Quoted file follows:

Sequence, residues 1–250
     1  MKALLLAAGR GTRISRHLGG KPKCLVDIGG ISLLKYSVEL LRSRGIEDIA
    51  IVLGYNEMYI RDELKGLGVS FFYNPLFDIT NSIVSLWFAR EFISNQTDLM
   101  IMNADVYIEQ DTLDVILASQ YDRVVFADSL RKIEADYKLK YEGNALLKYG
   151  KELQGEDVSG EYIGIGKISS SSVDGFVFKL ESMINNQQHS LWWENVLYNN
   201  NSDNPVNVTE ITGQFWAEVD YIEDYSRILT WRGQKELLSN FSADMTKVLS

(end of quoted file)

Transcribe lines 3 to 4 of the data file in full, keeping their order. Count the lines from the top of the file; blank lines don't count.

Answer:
    51  IVLGYNEMYI RDELKGLGVS FFYNPLFDIT NSIVSLWFAR EFISNQTDLM
   101  IMNADVYIEQ DTLDVILASQ YDRVVFADSL RKIEADYKLK YEGNALLKYG